Brands and Destructive Social Media Bubbles

In the week that Forbes reports Katy Perry has the most twitter followers in the world - 90 million - The question is what does that mean? Where is the value, who benefits? Is it relevant? Yes it is a ‘follow’ but what does that action mean - what is the end result for Katy Perry or any brand?

In many ways consumers and brands have been overwhelmed by social media and it can be quite unsettling. Technology is changing the way we consume and understand brand messages. In response brands need to think again about the segmenting of product messages, the encoding of the message and the delivery. The platforms they are delivered upon have narrowed while the market they are going to has been atomised.

We are in the age of destructive social media bubbles - unbalanced and cognitively displaced. So doing the same old SEO and outreach and counting the Bots following you on twitter or the people who don't spend more than 5 seconds reading your post is not going to benefit the brand. To balance this the suggestion is move to images, put everything on instagram - why is gained by that strategy - More people reading less, less comprehension of what the brand is about and what they are selling.

Brands get unsettled when they receive negative comments on their Facebook pages. Individuals get unsettled when they don’t receive enough likes and retweets. Millennials live their lives sharing 'extreme' experiences online in the court of social media approval. Depression sets in when these efforts go unnoticed or 'unliked'.

This creates and interesting paradox and and is a reflection of the impact limiting social media bubbles which are the now normal. Brands and people desire and want to get their own thoughts reflected back to them. That is they want positive affirmation on their views and promotions and will ignore the negatives. To achieve the positive input the choice of groups that are in the reference group is continually selected upon the basis of sameness and positive feedback. It is as if the brand or the consumer is talking to themselves.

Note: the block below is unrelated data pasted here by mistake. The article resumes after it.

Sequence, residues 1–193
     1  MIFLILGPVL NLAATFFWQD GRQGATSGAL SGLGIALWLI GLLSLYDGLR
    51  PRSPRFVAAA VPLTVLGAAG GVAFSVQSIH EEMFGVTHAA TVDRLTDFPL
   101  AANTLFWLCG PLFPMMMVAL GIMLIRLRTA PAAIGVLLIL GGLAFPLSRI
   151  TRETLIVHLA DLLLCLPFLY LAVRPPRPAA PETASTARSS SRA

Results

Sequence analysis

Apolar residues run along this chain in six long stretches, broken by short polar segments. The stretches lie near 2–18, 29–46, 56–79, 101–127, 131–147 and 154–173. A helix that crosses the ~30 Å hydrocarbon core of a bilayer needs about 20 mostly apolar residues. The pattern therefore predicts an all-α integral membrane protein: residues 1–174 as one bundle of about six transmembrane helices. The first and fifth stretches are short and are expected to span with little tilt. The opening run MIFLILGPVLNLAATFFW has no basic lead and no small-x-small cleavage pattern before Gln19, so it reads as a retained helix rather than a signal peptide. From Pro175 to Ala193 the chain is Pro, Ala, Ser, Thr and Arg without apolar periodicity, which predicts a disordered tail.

The paradox with this developing trend is the increased level and high volume of information available online. Initially one would think surely this is good and leads to open dialogue. Instead this has lead to less trust in experts and data being shared (think of the #brexit debate). Its as if the more data that is provided to the market the more is rejected. People make their decisions based purely on emotion as a reaction to a narrow number of opinions of peer groups or like minded members of their group. The tsunami of information and product reviews enforces this cycle. Brands move to colonise more of the online segment related to them - consumers move into a more reinforced bubble of sameness. The disparity and gap then grows.

Theres no obvious solutions for brands in this social media space. They fall prey to two challenges: they try to do the right thing and be open and engaged with their customers. Then they overload there customers with too much information. This leaves their customers overwhelmed and unable to engage or understand the key messages. Alternatively brands don’t engage and leave the customers in the narrow social media bubbles create the information and the judgement on the products.

Balance is what is missing. A more nuanced Facebook Feed, Twitter Feed, comment boxes would reflect more accurate what people think and feel of a company or a product. Ideally there would be a mix of various opinion points on any product or brand. However one instruction of all corporations is to delete and block any critical commentary. Agencies are employed to correct online comments and reviews of products. If this is the method then can brands ever be called true social media engagers. But then again does anyone really think Katy Perry has talked to even 9 of the 90 million people she following her online !

The choice brands need to make is between the definition of engagement and authentic dialogue. This needs to be followed with digital strategies which avoid the destructive social media bubbles which capture brands and keep them away from their customers. At the core is the need to be original authentic and believe in the rule of 80:20. Less is more - avoid the overload.